When an event of the dimension of that December of 2001 occurs, when the autonomist flag flew over all the political creeds that the long national history had already elaborated, and in an assembly of assemblies -Parque Centenario- the possibility of the unknown was explored, one never acts knowing everything. On the contrary, the political remains an open possibility because in some unexpected fissure in history the imagination of institutions ceases. And this places us in the walker’s paradox. History calls for a sovereign coming together, a congress and it never avoids aggression: all these words come from the same root. Less is known about this at a time when State dominions seem to fall; more is known when those dominions are recovered. Thanks to 2001, the odyssey in the space of our social memory, our discussions continue in relation to whether it was preferable to know less by putting forth motions of order or throwing ideas under the araucarias, or to know a little more within the recomposed social textures, textures that speak of liberation but which are obliged to take themselves as a precondition for this magnificent event. It is nothing new, famous texts speak about all of this. The good thing was having lived it.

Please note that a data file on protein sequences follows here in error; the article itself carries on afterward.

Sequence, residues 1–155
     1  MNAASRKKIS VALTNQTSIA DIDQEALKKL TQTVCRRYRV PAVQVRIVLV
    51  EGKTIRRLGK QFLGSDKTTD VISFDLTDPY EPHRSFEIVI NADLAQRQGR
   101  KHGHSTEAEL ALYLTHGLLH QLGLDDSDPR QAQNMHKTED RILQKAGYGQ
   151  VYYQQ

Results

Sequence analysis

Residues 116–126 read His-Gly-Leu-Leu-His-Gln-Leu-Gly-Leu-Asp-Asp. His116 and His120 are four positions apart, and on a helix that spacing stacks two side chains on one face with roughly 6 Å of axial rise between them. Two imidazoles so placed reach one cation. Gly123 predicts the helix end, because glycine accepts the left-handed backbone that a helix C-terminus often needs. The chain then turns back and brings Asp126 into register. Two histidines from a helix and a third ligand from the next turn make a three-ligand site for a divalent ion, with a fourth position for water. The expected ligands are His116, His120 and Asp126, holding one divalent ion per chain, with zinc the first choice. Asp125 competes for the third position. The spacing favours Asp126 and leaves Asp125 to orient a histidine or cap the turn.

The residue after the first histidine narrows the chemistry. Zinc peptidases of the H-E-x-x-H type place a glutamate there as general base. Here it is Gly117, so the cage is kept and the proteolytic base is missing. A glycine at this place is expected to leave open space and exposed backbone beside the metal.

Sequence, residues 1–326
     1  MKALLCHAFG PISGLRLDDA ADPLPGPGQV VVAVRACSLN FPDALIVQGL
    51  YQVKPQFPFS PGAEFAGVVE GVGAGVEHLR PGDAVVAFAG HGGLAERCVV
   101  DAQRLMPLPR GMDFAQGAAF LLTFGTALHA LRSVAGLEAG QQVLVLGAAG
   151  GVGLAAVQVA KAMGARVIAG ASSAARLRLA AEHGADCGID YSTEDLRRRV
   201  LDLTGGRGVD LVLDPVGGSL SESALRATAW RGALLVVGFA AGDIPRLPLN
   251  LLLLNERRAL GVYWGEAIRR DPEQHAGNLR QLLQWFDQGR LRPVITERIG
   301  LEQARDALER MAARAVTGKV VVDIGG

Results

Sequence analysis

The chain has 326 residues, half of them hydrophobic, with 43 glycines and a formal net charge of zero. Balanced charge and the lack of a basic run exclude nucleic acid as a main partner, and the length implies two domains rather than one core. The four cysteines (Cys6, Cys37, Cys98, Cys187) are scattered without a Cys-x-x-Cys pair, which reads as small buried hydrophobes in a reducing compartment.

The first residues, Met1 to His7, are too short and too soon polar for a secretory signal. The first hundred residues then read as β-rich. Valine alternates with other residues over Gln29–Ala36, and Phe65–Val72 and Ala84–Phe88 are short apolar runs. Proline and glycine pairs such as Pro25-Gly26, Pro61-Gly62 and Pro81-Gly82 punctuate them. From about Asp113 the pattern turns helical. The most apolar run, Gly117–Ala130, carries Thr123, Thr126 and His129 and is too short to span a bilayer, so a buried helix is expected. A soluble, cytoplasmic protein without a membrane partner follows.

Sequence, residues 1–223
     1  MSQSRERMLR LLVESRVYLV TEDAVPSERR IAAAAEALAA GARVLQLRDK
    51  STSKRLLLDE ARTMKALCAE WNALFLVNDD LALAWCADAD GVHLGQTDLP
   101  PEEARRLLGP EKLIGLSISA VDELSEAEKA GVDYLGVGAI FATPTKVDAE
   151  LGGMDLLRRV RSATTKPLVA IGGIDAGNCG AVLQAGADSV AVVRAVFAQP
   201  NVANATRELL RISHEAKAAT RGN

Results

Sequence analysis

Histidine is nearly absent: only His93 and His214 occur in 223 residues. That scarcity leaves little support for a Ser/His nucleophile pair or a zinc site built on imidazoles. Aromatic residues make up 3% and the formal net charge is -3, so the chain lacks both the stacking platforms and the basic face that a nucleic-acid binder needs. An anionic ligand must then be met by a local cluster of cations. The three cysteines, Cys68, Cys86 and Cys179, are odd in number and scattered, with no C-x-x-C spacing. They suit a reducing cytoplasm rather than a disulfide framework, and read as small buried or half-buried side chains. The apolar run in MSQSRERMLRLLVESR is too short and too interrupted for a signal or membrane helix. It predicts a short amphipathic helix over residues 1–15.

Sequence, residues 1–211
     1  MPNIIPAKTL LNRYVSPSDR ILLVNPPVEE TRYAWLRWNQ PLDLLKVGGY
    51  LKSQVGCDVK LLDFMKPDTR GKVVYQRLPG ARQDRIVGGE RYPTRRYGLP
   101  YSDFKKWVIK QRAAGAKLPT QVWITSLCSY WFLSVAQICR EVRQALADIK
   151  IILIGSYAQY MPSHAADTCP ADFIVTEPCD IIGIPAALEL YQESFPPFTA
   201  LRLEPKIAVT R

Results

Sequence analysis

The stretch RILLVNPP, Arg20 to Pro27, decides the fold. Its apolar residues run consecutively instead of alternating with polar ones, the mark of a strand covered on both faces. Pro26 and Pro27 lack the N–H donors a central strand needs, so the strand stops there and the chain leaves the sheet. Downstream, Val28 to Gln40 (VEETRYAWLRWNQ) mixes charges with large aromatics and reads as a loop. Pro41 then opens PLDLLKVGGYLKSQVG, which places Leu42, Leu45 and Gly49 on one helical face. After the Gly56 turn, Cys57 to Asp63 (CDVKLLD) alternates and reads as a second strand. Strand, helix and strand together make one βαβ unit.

[Published in the special supplement of Página|12 “De 2001 a 2011: Qué pasó. Qué cambió.” December 19, 2011]

González’s Battles

Diego Sztulwark (lobo suelto 27/06/2021)

Horacio González’s eyes look in a strange way, slightly displaced. They fix their attention on a distant point while he listens. In that disconnect between seeing and hearing, which gives him a distracted air, he unfolds a space for games and strategies that he never gave to any power: a privileged source of unexpected connections from which fundamental political scenes emerged. González drew intersections between politics and literature, outlined a Gramscianism for revolutionary Peronism, created his red base in the Faculty of Social Sciences in times of Menemism and, from there, drew a libertarian diagonal line between Kirchnerism and the Left, between cultural institutions and popular organisations. He was an inventive and persistent organizer of culture, indefatigable creator of magazines and assembly based collectives.